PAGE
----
How to Become a Certified Cicerone: Part 2
This article is Part Two in a series. In Part One, Cody took the test to become a Certified Beer Server, completing the first level of the program. He will be continuing his training in September and taking the test to become a Certified Cicerone in October, so check back in soon.
Toward the end of the Off Flavors class, I’d already had six of the worst beers I’d ever tasted in my life. “They’re safe,” Chris Pisney, the grading manager at the Cicerone Certification Program, promised the class. But those six beers didn’t taste all that safe. Maybe somebody should have assured us earlier.
During the class, Pisney taught us to recognize the myriad things that can go wrong with a beer. With his experience and palate, “something’s almost always wrong with beer.” The Master Cicerone looked a little wistful when he told us this.
Even to my less refined senses, there was definitely something wrong with the beers we tasted. They might have been safe to consume, but the samples of Sam Adams Light were infused with compounds that mimic the taste and smell of bacterial infection, extended exposure to light, or rushed production processes. Because the students in the class were still working toward Cicerone Certification, the samples were potent, with off notes several times as powerful as those a more skilled taster might be able to detect.
For example: I’ve heard of light-struck beer, which has been exposed to excessive sunlight, being described as skunky. I always just thought it was sort of generically bad, but now I can really smell the funk of that unpopular mammal in there. In countries without skunks, the description of this flavor, Pisney noted, is often “freshly brewed coffee.” I still don’t detect that. Somebody must be getting really bad coffee.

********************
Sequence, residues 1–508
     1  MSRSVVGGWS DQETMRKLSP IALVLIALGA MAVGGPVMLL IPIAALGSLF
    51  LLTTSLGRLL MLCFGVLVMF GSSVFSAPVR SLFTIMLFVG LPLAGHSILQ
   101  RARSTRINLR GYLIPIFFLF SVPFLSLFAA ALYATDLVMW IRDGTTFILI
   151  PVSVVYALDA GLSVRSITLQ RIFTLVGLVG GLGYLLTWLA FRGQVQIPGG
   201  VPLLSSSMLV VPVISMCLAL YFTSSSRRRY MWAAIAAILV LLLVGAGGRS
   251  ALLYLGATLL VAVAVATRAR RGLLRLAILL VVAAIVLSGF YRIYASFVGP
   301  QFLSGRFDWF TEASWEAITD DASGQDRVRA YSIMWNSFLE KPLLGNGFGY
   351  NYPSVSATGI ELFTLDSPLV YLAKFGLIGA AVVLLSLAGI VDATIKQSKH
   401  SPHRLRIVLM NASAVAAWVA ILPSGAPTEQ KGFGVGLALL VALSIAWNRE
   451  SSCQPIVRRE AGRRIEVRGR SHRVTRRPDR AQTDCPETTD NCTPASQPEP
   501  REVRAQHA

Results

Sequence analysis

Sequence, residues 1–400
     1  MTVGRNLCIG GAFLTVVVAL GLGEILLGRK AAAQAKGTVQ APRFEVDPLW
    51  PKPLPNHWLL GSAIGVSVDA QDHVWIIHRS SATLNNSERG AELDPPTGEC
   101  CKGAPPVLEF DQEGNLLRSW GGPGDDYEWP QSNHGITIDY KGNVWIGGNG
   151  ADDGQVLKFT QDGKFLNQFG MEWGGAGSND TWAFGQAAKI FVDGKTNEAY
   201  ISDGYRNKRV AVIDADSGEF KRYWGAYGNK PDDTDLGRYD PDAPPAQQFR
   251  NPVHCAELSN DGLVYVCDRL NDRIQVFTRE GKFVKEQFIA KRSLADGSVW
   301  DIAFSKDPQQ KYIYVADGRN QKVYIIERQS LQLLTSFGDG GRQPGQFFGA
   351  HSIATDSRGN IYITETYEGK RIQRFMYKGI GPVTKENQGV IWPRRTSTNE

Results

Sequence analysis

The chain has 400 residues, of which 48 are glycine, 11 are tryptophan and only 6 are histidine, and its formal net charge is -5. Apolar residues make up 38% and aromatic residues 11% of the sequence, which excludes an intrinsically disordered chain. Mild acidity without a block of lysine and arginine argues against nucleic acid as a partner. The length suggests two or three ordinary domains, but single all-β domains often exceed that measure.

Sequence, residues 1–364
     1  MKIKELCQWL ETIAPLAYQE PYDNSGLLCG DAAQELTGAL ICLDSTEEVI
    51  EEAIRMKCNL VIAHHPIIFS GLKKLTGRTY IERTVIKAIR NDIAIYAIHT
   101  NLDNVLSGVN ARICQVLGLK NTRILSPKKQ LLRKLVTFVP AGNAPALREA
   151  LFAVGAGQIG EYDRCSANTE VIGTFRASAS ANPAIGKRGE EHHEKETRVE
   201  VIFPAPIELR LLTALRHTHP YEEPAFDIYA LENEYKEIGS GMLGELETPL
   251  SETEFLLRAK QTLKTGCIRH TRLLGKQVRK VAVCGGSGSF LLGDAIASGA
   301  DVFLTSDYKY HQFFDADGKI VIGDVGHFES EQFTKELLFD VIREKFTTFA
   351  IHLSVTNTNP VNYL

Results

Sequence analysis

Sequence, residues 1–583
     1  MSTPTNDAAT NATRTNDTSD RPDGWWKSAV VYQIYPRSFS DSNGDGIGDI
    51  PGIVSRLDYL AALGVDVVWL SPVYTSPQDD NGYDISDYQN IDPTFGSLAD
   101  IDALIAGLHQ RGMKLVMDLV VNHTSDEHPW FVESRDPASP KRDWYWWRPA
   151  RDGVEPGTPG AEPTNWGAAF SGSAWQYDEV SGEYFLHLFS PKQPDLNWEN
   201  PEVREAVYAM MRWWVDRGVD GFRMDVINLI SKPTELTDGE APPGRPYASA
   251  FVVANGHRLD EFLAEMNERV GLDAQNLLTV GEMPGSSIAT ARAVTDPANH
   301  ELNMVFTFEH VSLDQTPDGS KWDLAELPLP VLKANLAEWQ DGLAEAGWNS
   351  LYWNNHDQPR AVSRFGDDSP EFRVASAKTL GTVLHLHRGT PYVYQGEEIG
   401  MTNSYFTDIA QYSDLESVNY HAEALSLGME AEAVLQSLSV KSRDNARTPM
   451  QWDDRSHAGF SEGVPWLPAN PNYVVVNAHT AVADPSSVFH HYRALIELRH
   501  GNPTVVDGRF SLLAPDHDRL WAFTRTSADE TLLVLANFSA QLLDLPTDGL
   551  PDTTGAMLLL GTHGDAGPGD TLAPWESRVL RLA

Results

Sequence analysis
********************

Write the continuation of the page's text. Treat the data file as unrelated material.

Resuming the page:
Some of the off flavors in the class were unfortunately familiar to me from failed homebrews. The diacetyl sample had a not entirely unpleasant butteriness, but now I know what’s strange about the batch of green-tea ale sitting in my fridge. Others contained notes I’d often heard described but never really understood until I was bashed over the head with them. I may not have spent enough time tasting or smelling “wet cardboard,” for example, but I can detect it now. And recognize trans-2-nonenal, a product of oxidation.
Very few breweries are producing such disastrous beers, but being able to detect even hints of these problems is crucial in the industry. Reps from breweries will sometimes visit bars to make sure their beer isn’t being served from taps that are damaging the aroma or flavor with even a hint of infection. [Read about a editor’s brush with a Guinness quality-control agent in Ireland.] Being able to identify the off flavor can help you troubleshoot a homebrewing operation, too, and I’m even one step closer to Cicerone Certification.
I don’t know if I’ll start finding something wrong with every beer, as Pisney said he does. I’ve definitely developed a taste for delicious wet cardboard, though.
Photo: © Cody Braun, Groupon
Cody is a banjo-carrying gypsy now accustomed to having a permanent home in which to brew beer, store journalism degrees, read Wodehouse, and bake bread.